U of T Working for MD Student Success
Nine MD students from the University of Toronto found spots in the second round of residency matching released today by the Canadian Resident Matching Service (CaRMS).
Still, there are not enough residency spots available to qualified medical school graduates in Canada, an issue that medical schools and students from U of T and beyond are working hard to address across the system. In the 2018 MD class, 20 students remain unmatched.
“We’re very pleased that 92% of graduating MD students at U of T have successfully matched this year to a residency program, and I heartily congratulate everyone taking this essential step forward toward independent practice,” said Professor Trevor Young, Dean of the Faculty of Medicine. “But for competent, dedicated medical students to go unmatched to a residency position can be a shocking setback. And this situation is simply unsustainable over time. That’s why we’re actively advocating with a range of stakeholders for coordinated system-wide action to create opportunities for all learners to be successful.”
U of T offers many opportunities to explore career options from Year 1 of medical school onward, with specialized counselling around career choices and preparation, including selecting electives to optimize student success in matching to a residency position. The Faculty of Medicine provides multiple resources and programs to ensure all of its MD students are personally and professionally well-supported, particularly unmatched students, many of whom will extend their clerkship training to a fifth year before re-entering the residency match next year.
To become a practicing physician in Canada, medical school graduates must complete a residency program. At the end of their fourth year of “undergraduate” medical training, graduating students apply to a postgraduate residency program, such as family medicine, psychiatry or surgery. But due to cuts in residency spots, particularly in Ontario, the number of unmatched students has grown in recent years.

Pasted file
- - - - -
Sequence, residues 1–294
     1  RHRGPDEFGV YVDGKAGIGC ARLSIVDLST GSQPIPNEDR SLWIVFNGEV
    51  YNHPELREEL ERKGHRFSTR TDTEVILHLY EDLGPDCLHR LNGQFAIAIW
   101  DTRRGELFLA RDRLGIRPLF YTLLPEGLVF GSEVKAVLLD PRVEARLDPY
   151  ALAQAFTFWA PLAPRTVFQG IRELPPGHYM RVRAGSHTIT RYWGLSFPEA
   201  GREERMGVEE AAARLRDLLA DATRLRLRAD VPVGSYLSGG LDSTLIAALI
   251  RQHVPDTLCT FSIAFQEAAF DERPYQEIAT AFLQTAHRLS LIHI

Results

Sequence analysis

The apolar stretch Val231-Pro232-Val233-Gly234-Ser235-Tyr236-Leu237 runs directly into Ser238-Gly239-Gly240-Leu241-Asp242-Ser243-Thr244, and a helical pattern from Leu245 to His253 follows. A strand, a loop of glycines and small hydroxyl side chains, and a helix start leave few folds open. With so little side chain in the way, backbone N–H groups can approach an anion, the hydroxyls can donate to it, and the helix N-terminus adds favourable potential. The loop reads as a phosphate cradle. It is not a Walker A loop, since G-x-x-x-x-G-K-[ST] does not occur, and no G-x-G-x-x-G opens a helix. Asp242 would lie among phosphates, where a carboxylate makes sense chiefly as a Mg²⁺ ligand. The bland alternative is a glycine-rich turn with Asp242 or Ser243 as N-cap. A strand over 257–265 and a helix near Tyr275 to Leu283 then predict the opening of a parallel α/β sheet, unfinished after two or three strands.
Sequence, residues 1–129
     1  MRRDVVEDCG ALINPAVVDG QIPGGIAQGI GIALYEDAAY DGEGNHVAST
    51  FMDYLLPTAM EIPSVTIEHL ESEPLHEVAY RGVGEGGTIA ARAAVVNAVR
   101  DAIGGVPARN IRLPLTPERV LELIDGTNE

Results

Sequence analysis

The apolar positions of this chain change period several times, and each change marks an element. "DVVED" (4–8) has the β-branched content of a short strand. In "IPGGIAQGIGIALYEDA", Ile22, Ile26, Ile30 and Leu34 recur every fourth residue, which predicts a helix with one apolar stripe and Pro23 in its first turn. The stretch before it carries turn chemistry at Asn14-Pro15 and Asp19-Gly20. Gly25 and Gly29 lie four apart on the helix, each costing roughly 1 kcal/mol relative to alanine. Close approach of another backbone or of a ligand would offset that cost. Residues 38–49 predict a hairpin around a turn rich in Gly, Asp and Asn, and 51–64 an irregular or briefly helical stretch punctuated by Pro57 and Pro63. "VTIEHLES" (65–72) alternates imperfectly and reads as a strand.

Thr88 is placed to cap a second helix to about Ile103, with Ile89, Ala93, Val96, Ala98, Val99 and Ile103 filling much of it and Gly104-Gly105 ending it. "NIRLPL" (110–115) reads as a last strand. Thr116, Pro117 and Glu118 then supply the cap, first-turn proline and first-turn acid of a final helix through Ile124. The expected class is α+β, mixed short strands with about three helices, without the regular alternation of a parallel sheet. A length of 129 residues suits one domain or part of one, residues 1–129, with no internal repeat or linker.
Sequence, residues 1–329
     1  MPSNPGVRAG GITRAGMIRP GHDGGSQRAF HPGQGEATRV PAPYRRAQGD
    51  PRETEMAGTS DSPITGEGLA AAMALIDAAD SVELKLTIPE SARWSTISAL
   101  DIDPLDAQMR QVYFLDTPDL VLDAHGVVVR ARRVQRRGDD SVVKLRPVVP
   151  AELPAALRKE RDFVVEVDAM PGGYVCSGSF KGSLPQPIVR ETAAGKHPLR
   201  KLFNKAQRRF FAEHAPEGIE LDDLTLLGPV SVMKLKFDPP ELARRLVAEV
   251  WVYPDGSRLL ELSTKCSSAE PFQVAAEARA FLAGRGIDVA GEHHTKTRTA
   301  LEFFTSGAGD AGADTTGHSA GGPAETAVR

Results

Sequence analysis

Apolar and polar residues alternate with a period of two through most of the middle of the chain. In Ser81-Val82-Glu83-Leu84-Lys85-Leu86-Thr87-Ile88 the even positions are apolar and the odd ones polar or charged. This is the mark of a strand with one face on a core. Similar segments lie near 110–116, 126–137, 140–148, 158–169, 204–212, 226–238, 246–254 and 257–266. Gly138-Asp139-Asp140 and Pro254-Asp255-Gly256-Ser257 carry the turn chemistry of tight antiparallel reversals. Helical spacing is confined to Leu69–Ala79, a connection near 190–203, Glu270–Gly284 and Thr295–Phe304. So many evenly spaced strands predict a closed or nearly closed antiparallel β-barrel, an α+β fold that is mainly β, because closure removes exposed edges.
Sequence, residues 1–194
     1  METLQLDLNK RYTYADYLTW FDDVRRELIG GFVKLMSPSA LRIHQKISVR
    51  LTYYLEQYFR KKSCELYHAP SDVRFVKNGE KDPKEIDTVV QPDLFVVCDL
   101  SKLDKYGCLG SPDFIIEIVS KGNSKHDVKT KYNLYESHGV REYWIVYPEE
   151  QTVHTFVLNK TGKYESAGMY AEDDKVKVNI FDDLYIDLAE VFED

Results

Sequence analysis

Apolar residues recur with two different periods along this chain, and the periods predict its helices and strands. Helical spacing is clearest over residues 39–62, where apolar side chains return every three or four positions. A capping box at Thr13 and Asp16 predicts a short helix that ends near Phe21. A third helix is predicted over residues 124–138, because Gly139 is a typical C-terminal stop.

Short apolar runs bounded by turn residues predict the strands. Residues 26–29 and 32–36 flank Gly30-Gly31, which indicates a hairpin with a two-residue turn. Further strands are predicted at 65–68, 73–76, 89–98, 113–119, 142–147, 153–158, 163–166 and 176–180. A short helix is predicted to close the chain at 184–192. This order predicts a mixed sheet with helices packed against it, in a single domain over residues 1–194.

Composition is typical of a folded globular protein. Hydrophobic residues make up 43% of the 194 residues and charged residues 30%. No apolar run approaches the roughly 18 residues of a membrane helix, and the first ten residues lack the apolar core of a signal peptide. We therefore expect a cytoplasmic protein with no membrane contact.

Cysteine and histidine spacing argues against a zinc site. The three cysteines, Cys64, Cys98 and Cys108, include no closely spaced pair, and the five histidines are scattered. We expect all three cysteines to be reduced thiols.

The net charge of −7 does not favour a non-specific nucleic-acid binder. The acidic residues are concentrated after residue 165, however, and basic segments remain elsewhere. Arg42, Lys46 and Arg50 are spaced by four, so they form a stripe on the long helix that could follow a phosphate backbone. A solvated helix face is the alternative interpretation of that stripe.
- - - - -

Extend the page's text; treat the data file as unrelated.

The Association of Faculties of Medicine of Canada (AFMC) released a comprehensive report on the issue in January 2018. It projects that if no action is taken to improve the situation, by 2021 the number of current-year unmatched medical school graduates will exceed 140 while prior-year unmatched Canadian medical grads will be more than 190.
Matching is overseen by a federal body called the Canadian Resident Matching Service (CaRMS), which conducts two rounds of matching every spring. CaRMS expects to release final Ontario-wide and national match numbers later in April.
Although 90 per cent of graduating students at U of T matched in the first round in March, and today’s matches bring the total to 92 per cent, concrete steps are needed to stop the numbers of unmatched students from rising in future years.
“We are urging the Ontario government to review its physician planning process to ensure those admitted to medical school can successfully complete their training and move into independent practice,” said Dr. Patricia Houston, Vice Dean of the MD Program at U of T. “In the meantime, we are closely working with each of the unmatched students individually to plan for their next steps in finding a successful path forward.”
U of T medical students have been among those lobbying the provincial government to offer an adequate number of residency spots, show more transparency in its planning process and update its current model for predicting the number of physicians needed in Ontario. The current system, a simulation model based on population and population density projections, hasn’t been updated since 2007.
On Monday, the Ontario Medical Students Association held its annual Lobby Day: 60 medical students from every medical faculty in the province met with 30 MPPs to highlight the problem and ask for change.
“We surveyed students about what’s most important to them, and three-quarters listed unmatched graduates as their top concern,” said Vivian Tam, OMSA's Director of Representation. Conversations with elected officials went well, she said, and gave her reason to hope that government recognizes the severity of the issue and will make appropriate changes.
U of T MD students are planning a march to Queen’s Park to highlight this issue on April 25.